Jan. 10, 2017
US Department of Labor sues Jasper Roofing Contractors, CEO for
retaliation after employee cooperates with OSHA investigation
Suit seeks back wages, damages for violations of the OSH Act
TAMPA, Fla. - The U.S. Department of Labor has filed a lawsuit against Jasper Roofing Contractors Inc. and its owner/chief executive officer, Brian Wedding, for terminating their safety manager after he cooperated with a safety and health inspection by the department's Occupational Safety and Health Administration.
The suit results from an investigation by OSHA's Whistleblower Protection Program.
Filed on Dec. 28, 2016, in the U.S. District Court for the Middle District of Florida, Tampa Division, the lawsuit alleges that Jasper and Wedding discriminated against the safety manager by conducting retaliatory acts, ultimately resulting in termination, after he provided documentation to OSHA regarding the company's safety compliance and for attempting to improve the safety culture at the roofing company, a violation of Section 11(c) of the Occupational Safety and Health Act.
The suit seeks back wages, interest, compensatory and punitive damages as well as injunctive relief. Additionally, it seeks to have the employee's personnel records expunged with respect to the matters at issue in this case and to bar Jasper Roofing Contractors against future violations of the OSH Act. The department's Office of the Solicitor in Atlanta is litigating the case.
"Employees have the right to participate in an Occupational Safety and Health inspection without the fear of retaliation," said Kurt Petermeyer, OSHA's regional administrator in Atlanta. "OSHA will continue to hold companies accountable that violate the whistleblower provisions of the OSH Act."
Founded in 2004, the company has corporate offices in Kennesaw, Georgia as well as offices in Indiana, and multiple locations throughout Florida including Jacksonville, Orlando, Tampa, Fort Myers and Kissimmee. Its parent company, Wedding Holdings, also has subsidiaries in commercial real estate, food service and automotive industries.
OSHA enforces the whistleblower provisions of the OSH Act and 21 other statutes, protecting employees who report violations of various securities, financial services, trucking, airline, nuclear power, pipeline, environmental, rail, maritime, health care, food safety, motor vehicle safety, workplace safety and health regulations, and consumer product safety laws.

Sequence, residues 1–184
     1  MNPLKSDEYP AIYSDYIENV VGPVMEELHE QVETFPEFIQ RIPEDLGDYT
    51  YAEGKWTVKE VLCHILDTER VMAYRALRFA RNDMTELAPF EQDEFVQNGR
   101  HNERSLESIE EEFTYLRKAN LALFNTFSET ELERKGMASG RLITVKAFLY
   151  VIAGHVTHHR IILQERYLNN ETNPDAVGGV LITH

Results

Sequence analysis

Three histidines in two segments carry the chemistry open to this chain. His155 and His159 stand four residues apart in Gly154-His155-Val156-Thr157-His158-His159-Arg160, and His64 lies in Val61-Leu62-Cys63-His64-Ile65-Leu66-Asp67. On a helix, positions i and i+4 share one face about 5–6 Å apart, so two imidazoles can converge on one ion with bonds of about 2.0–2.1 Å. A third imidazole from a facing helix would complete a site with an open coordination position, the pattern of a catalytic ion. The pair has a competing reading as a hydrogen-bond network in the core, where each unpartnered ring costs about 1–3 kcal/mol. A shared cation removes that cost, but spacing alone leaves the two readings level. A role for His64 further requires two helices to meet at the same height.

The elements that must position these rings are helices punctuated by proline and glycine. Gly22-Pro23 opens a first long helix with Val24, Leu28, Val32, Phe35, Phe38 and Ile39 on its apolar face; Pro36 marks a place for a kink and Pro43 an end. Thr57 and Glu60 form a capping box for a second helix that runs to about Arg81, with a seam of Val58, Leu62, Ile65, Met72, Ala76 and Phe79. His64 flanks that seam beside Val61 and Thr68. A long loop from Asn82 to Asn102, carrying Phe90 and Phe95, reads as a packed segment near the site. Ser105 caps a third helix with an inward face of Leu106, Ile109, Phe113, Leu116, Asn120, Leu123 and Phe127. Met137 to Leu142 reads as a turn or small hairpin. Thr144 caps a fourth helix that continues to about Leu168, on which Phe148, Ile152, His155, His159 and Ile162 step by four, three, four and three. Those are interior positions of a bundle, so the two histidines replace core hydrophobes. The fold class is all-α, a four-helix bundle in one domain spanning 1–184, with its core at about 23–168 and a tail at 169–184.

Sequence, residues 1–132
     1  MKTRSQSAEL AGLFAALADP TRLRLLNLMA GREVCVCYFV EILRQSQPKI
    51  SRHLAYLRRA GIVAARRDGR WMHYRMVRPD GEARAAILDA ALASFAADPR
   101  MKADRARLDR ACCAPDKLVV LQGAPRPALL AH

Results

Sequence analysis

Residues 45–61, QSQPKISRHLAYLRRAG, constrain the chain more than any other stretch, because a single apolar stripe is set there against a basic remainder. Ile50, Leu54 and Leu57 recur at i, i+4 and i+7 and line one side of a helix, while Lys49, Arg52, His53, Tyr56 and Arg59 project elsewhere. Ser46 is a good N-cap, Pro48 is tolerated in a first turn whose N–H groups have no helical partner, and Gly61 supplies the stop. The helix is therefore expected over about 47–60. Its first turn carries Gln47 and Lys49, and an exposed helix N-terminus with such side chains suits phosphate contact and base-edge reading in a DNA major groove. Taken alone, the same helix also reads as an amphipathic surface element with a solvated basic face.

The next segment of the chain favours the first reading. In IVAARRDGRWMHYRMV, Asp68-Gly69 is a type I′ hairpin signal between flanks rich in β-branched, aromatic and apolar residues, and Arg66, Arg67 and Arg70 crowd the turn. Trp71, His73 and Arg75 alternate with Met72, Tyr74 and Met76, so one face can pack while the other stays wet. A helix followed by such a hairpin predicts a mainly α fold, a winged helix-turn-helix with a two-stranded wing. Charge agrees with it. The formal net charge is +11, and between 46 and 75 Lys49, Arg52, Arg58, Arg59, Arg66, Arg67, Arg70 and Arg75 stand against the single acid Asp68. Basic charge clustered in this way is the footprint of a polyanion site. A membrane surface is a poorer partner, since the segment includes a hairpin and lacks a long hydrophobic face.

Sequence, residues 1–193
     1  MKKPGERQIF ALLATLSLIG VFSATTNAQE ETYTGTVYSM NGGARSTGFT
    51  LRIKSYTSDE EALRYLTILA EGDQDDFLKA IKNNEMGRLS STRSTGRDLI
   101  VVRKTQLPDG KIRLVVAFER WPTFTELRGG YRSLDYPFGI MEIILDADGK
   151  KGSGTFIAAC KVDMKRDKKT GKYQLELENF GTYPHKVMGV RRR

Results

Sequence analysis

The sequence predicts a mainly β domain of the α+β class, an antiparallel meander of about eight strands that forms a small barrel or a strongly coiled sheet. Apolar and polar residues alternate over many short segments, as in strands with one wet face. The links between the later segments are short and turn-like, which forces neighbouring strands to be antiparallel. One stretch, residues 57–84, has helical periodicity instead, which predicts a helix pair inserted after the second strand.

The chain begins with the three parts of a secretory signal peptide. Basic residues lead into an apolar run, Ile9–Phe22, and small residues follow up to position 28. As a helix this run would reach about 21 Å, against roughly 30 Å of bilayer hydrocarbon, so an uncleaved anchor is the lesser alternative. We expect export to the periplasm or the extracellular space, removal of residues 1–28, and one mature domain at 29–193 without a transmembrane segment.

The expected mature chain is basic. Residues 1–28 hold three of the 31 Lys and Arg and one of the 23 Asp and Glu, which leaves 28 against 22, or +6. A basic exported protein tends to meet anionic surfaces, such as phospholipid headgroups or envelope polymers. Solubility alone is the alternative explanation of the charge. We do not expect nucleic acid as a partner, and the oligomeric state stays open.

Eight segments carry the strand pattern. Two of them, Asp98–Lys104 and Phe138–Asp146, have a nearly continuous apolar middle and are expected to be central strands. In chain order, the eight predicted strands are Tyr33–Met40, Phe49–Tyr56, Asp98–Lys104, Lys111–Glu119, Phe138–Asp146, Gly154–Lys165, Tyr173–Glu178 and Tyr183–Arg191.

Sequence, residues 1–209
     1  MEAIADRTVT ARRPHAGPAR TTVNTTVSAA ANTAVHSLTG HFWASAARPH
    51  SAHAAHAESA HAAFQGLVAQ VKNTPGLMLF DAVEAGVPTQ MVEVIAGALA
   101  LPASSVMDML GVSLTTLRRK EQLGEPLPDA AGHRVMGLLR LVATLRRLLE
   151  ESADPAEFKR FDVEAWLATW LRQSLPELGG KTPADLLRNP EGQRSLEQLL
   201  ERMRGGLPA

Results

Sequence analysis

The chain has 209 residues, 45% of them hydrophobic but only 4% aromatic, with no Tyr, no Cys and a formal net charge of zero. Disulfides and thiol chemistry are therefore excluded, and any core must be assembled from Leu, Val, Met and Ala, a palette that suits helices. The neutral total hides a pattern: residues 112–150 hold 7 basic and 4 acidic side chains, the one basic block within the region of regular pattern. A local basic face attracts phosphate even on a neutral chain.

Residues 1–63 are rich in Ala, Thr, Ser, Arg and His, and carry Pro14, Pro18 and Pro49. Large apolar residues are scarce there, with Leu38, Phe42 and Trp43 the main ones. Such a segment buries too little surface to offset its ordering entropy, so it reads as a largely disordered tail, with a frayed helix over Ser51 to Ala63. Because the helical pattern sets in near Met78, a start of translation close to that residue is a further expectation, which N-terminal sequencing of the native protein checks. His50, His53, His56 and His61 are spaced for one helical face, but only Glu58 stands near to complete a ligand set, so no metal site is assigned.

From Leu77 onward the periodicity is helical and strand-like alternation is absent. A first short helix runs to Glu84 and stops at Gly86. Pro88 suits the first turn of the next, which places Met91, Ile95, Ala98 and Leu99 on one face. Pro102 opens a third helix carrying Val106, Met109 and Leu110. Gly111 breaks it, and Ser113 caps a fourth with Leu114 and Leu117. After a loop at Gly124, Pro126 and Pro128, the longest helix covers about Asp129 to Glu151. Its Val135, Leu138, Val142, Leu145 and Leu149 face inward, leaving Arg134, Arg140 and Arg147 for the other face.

Employers are prohibited from retaliating against employees who raise various protected concerns or provide protected information to the employer or to the government. Employees who believe that they have been retaliated against for engaging in protected conduct may file a complaint with the secretary of labor to request an investigation by OSHA's Whistleblower Protection Program. Detailed information on employee whistleblower rights, including fact sheets, is available at http://www.whistleblowers.gov.
Under the Occupational Safety and Health Act of 1970, employers are responsible for providing safe and healthful workplaces for their employees. OSHA's role is to ensure these conditions for America's working men and women by setting and enforcing standards, and providing training, education and assistance. For more information, visit http://www.osha.gov.
Editor's note: The U.S. Department of Labor does not release names of employees involved in whistleblower complaints.
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Michael D'Aquino, 678-237-0630, email@example.com
Release Number: 16-2400-ATL (9)
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